Or, if one station wanted to go ahead and others wait, that would seem to be OK as well (though we suspect broadcasters will talk about this among each other in each market).
So...what stations will be left in analog on June 12th? Will that date basically be "the last stragglers turning off the analog", give or take a "nightlight" station or three? We'll see.
The local media weighs in on transition-related topics, with the original date under a month away.
The Youngstown Vindicator covers the recent power increase at Western Reserve PBS' WNEO/45. From the article by the Vindy's Shelby Schroeder:
(Western Reserve PBS' Amanda) Donatelli said the station has called about 20 of the residents who registered complaints to inform them of the upgrade. Of those, only one still had difficulty receiving a signal, which Donatelli said could be attributed to an ineffective set of rabbit ears.
“The main thing we’re telling people is to re-scan for channels,” she said. “After they’ve done that process, they should be able to pick us up clearly.”
Anyway, it wouldn't be a newspaper article about broadcasting without at least an error or five, so here goes:
WOUB switched to digital in September 2006, long before other stations were prepared for the transition.
Well, we're pretty sure the Ohio University outlet - as much good work as it did - did not "switch to digital in September 2006". It appears to be accurate that they have been running the post-transition WOUB-DT facility since (probably) then, but so have other stations.
Oh, unless they're not being truthful with the FCC in their Digital Transition Update filings, it would appear WOUB's analog facility is still on the air, and will run until the transition. So much for a 2006 "switch" as reported.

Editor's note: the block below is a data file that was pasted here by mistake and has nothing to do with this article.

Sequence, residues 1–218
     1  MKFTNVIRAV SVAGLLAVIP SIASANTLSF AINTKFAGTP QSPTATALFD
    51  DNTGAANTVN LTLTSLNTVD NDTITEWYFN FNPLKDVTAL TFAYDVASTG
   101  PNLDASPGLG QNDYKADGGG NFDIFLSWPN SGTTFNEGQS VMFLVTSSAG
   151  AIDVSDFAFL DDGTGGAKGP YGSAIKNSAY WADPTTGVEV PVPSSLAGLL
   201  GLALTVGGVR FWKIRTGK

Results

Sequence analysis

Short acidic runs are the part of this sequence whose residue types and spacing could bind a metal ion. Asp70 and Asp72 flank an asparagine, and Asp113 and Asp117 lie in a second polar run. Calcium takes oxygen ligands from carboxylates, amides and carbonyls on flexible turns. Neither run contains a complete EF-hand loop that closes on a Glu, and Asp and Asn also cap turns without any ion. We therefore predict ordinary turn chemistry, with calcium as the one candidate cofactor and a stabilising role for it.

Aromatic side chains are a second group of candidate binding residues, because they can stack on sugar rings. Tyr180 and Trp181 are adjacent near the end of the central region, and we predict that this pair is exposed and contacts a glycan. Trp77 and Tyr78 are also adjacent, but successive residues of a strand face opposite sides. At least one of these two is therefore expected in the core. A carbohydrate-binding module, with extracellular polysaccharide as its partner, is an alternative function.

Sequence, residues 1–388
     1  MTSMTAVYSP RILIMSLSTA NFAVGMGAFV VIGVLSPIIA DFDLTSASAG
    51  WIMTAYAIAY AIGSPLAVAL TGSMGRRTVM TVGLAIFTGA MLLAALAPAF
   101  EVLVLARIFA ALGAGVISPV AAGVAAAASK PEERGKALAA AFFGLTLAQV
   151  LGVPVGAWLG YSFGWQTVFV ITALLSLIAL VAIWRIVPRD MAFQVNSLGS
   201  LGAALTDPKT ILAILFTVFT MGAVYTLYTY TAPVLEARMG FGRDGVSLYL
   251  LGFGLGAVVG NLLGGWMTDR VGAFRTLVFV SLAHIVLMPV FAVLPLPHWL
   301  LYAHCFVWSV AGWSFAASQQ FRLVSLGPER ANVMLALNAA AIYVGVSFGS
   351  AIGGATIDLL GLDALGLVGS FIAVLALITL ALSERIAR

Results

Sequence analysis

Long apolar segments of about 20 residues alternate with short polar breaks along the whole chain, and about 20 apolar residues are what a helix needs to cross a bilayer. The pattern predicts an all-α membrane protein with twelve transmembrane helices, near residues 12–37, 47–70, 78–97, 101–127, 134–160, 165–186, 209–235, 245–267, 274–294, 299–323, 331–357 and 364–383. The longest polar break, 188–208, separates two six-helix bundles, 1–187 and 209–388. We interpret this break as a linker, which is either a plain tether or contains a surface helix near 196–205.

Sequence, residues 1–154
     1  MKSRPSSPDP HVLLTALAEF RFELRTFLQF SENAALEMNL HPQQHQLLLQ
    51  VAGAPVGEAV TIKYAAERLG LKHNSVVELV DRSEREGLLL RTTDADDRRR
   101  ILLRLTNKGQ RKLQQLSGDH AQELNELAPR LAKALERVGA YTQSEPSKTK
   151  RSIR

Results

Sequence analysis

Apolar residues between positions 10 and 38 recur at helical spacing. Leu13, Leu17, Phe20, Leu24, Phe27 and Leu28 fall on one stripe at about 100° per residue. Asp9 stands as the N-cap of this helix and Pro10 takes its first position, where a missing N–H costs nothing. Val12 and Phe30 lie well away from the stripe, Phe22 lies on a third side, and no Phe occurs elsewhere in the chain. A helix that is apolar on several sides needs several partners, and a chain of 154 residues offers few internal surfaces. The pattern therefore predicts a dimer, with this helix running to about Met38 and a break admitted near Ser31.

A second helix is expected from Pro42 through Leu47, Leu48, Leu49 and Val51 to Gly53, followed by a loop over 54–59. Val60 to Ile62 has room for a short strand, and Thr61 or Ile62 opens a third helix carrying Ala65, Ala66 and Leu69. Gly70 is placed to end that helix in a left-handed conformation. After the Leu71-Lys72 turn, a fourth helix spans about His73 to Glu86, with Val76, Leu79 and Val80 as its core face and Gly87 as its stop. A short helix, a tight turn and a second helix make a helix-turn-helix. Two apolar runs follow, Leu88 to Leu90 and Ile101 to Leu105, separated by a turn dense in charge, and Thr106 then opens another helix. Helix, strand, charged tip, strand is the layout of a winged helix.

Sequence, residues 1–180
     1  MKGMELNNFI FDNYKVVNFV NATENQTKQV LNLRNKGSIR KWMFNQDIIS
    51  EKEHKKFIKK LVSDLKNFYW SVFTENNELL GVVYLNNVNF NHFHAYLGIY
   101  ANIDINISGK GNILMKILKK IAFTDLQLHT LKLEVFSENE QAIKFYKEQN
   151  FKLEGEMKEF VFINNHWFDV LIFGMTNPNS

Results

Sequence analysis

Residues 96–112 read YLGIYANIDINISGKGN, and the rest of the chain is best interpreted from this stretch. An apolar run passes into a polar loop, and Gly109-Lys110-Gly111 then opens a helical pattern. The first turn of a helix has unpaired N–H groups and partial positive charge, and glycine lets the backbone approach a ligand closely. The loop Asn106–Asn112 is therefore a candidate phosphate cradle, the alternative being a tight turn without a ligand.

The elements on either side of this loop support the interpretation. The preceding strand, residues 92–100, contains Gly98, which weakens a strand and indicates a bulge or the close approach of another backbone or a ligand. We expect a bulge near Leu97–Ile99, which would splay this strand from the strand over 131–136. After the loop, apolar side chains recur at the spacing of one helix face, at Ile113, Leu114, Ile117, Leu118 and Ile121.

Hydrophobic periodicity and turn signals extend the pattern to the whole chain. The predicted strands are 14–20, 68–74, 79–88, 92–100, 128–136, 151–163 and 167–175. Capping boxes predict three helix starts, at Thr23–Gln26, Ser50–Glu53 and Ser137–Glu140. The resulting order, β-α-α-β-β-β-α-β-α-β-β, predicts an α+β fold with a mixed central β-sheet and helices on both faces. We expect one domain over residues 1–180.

And as far as the FCC was concerned, WNEO's 44KW signal on DT 45 *was* the station's authorized full-power pre-transition facility (on 45). The Salem-operated station had been pumping out a more powerful signal than that on DT 46 for years, probably going back to the same time WOUB lit up its digital facilities.
The move to DT 45 - presumably done to expand the station's range in the post-transition world - temporarily hobbled WNEO's signal. But the Vindy article makes it look like the Western Reserve PBS folks were hoping to scrape along on the 44KW, when that was never the case.
Like many stations in the area, WNEO filed a timely "maximization" authorization on DT 45 to 500KW, a power level they expected to run post-February 17th. That maximization was approved, and then the station - not wanting to wait until February to go full-power, filed a special temporary authority with the FCC to go to 500KW early - which was approved on January 8th, and implemented this past week.
We realize all this technical stuff is hard for a newspaper writer to digest...particularly a general assignment writer who doesn't cover this stuff daily.
But in this case, the article has a few glaring errors. Some were facts not explored above, others appear to be errors just brought directly into the article from the telephone interview with the WOUB staffer.
The Vindicator did do SOME digging - as they went into the official filing for the WNEO early maximization STA request, as we did, and noted the wide range of Mahoning Valley viewers complaining of trouble with the pre-increase 44KW signal.
Anyway, we'll continue to watch...